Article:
Information
Processing
Receiver
Figure 1. Simplified Communications System Block Diagram
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RF Fundamentals
2 RF Fundamentals
In the early days of wireless communications signals were basically sine waves.
Remembering back to our school days that a sine wave can be represented with a
frequency, an amplitude, and a phase.
V = Asin (ωt + φ)
where
A = amplitude
ω = 2πf, where f is the frequency
φ = phase
Figure 2 shows two signals in the time domain. In terms of our communications the
intent is to send information from a source to a destination by modifying these sine
waves. Today of course it is more common to have modern digital signals that are
transmitting higher data rates with a signal that is much more complex.
Period = 1/freq
Period = 1/freq
1
0.8
0.6
0.4
0.2
0
0
2
4
6
8
10
12
14
16
-0.2
-0.4
-0.6
-0.8
-1
sin(x)
sin(2x)
Figure 2. Basic sine waves are used to carry information by varying their frequency,
amplitude, and/or phase.
Typically, in terms of RF and microwave signals, we tend to look more in the frequency
domain than in the time domain. Figure 3 shows a basic signal on a spectrum analyzer
display. As the transmitted signals become more complex modulated signals or signals
with more information put on them, the spectrum analyzer displays are excellent for
understanding the multiple frequencies and modulation techniques.
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RF Fundamentals
Figure 3. Spectrum analyzers are excellent tools for evaluating transmitted RF and
microwave signals.
2.1 Spectrum Allocation
The Federal Communications Commission or FCC both defines and allocates the
frequency spectrum in the United States. Similar government bodies around the world
do the same for their countries and regions. Figure 4 shows the spectrum allocation
chart for the US.
The local governing body, such as the FCC, decides who gets to transmit what, over
what frequencies, what power levels and how much bandwidth they get to do it. When
designing a wireless system all radiating devices must adhere to their portion of the
frequency allocation table. Many aspects of the spectrum have been defined for a long
time. Other areas, such as the old analog TV bands have become available as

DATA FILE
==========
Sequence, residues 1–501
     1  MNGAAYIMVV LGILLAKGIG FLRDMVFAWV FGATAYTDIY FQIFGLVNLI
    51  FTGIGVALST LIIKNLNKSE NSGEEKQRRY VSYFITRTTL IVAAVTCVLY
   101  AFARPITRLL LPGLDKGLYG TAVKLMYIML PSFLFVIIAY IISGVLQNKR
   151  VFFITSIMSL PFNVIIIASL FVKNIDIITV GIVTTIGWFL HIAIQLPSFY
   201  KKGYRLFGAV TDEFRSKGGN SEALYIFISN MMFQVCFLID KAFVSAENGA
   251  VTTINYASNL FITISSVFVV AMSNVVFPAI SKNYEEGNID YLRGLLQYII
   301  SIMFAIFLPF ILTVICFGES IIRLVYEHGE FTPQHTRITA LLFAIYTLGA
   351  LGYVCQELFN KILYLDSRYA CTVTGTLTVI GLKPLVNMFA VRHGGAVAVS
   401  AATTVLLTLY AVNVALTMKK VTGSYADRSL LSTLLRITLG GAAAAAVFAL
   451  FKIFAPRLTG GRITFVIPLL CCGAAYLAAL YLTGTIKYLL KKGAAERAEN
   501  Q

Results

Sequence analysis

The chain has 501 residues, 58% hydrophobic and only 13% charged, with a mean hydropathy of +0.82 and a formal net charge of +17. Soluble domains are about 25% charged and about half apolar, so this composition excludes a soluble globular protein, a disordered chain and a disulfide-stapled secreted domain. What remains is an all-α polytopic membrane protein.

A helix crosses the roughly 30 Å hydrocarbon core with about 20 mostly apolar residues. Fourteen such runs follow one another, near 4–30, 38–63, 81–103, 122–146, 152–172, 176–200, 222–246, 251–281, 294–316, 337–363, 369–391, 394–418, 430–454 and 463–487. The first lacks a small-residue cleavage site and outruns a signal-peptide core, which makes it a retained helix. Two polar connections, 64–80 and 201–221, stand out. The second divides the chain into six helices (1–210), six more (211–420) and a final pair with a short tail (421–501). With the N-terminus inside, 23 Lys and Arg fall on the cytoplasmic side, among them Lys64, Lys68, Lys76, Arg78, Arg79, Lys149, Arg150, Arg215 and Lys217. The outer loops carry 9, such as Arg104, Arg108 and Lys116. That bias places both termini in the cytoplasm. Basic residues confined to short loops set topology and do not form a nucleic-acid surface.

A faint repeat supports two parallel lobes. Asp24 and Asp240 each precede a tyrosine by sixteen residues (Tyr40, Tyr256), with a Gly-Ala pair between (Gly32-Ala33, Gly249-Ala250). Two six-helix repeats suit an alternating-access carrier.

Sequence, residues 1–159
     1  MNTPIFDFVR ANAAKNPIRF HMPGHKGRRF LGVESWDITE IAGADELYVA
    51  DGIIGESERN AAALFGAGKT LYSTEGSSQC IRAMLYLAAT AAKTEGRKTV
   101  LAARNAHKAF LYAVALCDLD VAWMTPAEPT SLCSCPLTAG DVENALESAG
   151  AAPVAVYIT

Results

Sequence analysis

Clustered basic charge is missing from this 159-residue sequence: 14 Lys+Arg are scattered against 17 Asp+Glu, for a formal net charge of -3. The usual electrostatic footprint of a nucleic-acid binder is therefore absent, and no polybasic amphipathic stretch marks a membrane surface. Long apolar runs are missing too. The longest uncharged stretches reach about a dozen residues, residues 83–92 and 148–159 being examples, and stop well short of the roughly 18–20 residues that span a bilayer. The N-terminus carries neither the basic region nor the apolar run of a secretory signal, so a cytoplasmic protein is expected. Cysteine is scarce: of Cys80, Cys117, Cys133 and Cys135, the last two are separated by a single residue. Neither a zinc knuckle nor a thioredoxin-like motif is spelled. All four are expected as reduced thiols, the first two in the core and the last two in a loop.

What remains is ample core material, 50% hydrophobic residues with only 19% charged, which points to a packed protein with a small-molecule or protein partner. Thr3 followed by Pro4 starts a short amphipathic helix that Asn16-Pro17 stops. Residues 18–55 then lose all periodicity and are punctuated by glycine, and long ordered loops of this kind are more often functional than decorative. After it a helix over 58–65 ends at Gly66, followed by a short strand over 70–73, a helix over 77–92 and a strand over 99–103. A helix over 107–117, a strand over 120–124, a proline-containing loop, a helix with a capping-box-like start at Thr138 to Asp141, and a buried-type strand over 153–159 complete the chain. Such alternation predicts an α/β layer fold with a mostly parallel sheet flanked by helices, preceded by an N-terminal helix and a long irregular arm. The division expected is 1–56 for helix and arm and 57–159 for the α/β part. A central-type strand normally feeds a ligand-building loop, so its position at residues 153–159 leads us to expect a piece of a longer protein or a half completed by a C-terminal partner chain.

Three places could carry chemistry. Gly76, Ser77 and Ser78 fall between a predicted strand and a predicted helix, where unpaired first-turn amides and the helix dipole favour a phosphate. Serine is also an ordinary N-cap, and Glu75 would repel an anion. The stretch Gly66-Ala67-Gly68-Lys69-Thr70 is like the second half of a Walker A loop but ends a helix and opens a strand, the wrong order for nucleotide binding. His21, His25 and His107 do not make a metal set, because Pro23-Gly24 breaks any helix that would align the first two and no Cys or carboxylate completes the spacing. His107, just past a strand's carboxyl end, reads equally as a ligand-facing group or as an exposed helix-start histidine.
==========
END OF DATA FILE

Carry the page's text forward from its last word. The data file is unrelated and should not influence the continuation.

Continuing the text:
countries have moved to new digital TV bands. It is important to note that the spectrum
allocation varies across countries. For instance, emergency responder equipment from
one country may not work in another country. Commercial wireless solutions like
Bluetooth and Wi-Fi must be carefully coordinated among countries and manufacturers
to ensure devices work in different regions.
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RF Fundamentals
Figure 4. Each country or region defines and allocates the frequency spectrum for use
by various groups and applications.
2.2 Wavelength Matters
Frequency is a critical parameter in RF design. Early applications were focused on
audio frequencies, now referred to as analog systems. While there still are plenty of
audio devices in use, there has been a broad increase of RF applications such as
mobile phones, Bluetooth devices and Wi-Fi. Today, there are many commercial
applications that use microwave and even millimeter wave frequencies.
Table 1 highlights the fact that as the frequency increases, the wavelength decreases.
The effects of wavelength on a design can have implications on design complexity and
end product costs. First let’s look at how to determine the wavelength:
where
𝜆=
𝑣
𝑓
𝜆 = wavelength
8
𝑣 = phase velocity, which in free space is 3x10 m/s
𝑓 = frequency
Table 1. Examples of Wireless Applications and Their Wavelengths
Application
Frequency
AM Radio
FM Radio
Wi-Fi, 802.11
Automotive Radar
1000 kHz
100 MHz
2.4 GHz / 5 GHz
77 GHz
Wavelength
(metric)
300 m
3m
125mm / 60 mm
4 mm
Wavelength
(English)
968 ft
9.7 ft
5.9 in / 2.4 in
0.15 in
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RF Fundamentals
So how does wavelength affect the RF design? When you consider the device size
relative to wavelength the physical geometry may become an important consideration.
From the signals in Figure 5 we see that the sine wave starts at zero, it goes up to a
maximum, comes back down to zero, goes to a minimum, and come back up to zero
across a single wavelength. From Table 1, we can see that at audio frequencies this
happens across a distance of meters to hundreds of meters. The phase effects of
moving through a typical analog device are therefore minimal. However, as you move
into RF frequencies or higher, the effect of these phase variations becomes a design
consideration. Certain circuit design techniques take advantage of 𝜆 /4 and 𝜆 /2 effects
to optimize or cancel signals, which is really a way to minimize the effects of the topic